During the same fourth UI (T3), equalized signal out_90 is integrated by pre cursor tap 502 (as denoted by “∫Pre Cursor.”) During T3, the integration by branch 90 (i.e., on Out_p/n90) has not been completed because only main tap 511 and DFE taps 517 have completed their current integration process. Pre cursor tap 512, post cursor 1 tap 513, post cursor 2 tap 514, DFE taps 515, and DFE taps 516 have not completed their integration yet. Pre cursor tap 502, however, is the only FFE tap in branch 0 which does not use fully equalized data (i.e., from Out_p/n90). Out_0 is equalized during T3, and latched by DFE sampler 304 during T4, marking the beginning of another equalization sequence.

FIG. 10 illustrates one embodiment of the clocking of branch 0. The clocking of branch 0 is not limited to the illustrated sequence with respect to which taps are enabled for integration during a particular UI. Nor is the clocking of branch 0 limited to the illustrated signals that are integrated by the particular taps that are enabled during each UI. Additionally, the clocking of branch 0 may be extended to operate in sequences other than four UIs.

FIG. 11 is a flow diagram illustrating a method 1100 for determining a value of a received data signal. For example, method 1100 may be performed by branch 0 of equalizer 215, such as DFE samplers 304, 308, 312, and summer 320. At block 1105, a first DFE sampler (e.g., DFE sampler 304) latches an equalized output (e.g., out_p/n0) of the summer. At block 1110, a second DFE sampler (e.g., DFE sampler 308) latches an output of the first DFE sampler (e.g., DFE sampler 304). At block 1115, a third DFE sampler (e.g., DFE sampler 312) latches an output of the second DFE sampler (e.g., DFE sampler 308). At block 1120, a summer (e.g., summer 320) integrates the output of the DFE samplers (e.g., DFE samplers 304, 308, and 312), the received signal, and equalized outputs from one ore more other branches (e.g., out_p/n90, out_p/n180, and out_p/n270).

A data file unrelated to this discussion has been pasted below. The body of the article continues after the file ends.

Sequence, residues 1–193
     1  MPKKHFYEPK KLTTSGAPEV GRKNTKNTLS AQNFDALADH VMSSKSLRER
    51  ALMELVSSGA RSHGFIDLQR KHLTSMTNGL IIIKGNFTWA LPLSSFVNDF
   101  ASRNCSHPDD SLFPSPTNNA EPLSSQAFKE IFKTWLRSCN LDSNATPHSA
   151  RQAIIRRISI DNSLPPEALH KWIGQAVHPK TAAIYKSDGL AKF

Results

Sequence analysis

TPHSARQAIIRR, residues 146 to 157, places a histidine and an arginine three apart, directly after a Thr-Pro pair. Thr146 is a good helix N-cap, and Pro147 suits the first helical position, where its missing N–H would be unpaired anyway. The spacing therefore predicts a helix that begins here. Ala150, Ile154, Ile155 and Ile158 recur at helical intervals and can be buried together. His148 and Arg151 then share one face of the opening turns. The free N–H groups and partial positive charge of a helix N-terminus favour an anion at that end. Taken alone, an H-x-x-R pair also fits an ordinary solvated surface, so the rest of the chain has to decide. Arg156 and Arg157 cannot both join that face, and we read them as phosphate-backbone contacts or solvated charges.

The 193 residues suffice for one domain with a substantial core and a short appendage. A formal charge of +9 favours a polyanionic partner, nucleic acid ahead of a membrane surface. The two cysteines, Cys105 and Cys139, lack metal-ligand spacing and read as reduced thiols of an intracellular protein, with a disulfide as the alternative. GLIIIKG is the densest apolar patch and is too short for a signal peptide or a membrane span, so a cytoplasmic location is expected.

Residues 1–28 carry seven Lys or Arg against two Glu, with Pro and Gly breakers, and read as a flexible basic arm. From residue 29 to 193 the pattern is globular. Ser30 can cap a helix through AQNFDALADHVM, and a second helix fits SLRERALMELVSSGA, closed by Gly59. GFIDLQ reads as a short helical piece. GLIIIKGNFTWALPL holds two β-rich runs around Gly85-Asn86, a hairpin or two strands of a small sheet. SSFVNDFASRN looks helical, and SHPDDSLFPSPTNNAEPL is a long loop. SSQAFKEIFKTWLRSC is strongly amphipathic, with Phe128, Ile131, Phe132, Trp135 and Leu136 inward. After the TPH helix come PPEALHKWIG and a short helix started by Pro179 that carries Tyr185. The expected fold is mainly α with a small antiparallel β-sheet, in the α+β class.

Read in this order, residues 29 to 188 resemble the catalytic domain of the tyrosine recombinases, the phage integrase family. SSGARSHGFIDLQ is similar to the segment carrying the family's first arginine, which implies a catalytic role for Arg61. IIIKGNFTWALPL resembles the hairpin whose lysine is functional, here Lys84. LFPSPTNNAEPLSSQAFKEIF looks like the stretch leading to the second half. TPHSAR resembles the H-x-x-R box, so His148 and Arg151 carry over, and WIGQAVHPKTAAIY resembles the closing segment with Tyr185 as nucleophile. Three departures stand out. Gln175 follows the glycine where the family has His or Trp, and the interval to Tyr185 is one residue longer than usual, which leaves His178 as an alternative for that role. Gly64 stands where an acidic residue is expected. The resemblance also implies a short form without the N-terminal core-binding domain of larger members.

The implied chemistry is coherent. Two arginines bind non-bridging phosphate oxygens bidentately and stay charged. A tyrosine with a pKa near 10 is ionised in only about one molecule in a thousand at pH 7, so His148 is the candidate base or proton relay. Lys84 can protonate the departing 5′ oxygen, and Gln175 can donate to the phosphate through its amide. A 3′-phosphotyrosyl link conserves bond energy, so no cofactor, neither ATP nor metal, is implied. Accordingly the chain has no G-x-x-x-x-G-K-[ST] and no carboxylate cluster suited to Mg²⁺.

Throughout the description, metal oxide semiconductor field effect transistors (MOSFETs, also commonly known simply as MOS) are illustrated as the building blocks of various logic. The logic blocks, however, are not so limited. For example, the logic blocks may be implemented using bipolar junction transistors (BJTs), or a combination of MOS and BJT transistors, commonly known as BiCMOS technology.

A receiver equalizer includes a plurality of branches for equalizing a received signal. The first branch comprises a first decision feedback equalizer (DFE) sampler coupled to a summer for latching an equalized output of the summer. In one embodiment, the first branch of the equalizer includes a second DFE sampler coupled to the first DFE sampler for latching an output of the first DFE sampler. In one embodiment, the first branch includes a third DFE sampler coupled to the second DFE sampler for latching an output of the second DFE sampler. The summer is coupled to the first, second, and third DFE sampler of the first branch for integrating the output of said DFE samplers, the received signal, and equalized outputs from other branches. The integrating occurs over a plurality of unit intervals (UIs).

The summer comprises a main tap for integrating the received signal during a second UI. The summer further comprises a first DFE tap for integrating the output of the second DFE sampler of the first branch during the second UI. In one embodiment, the summer comprises a second DFE tap for integrating the output of the third DFE sampler of the first branch during the second UI. In one embodiment, the summer further comprises a third DFE tap for integrating an output of a second DFE sampler of a second branch during the second UI. In one embodiment, the summer comprises a fourth DFE tap for integrating an output of a third DFE sampler of the second branch during the second UI.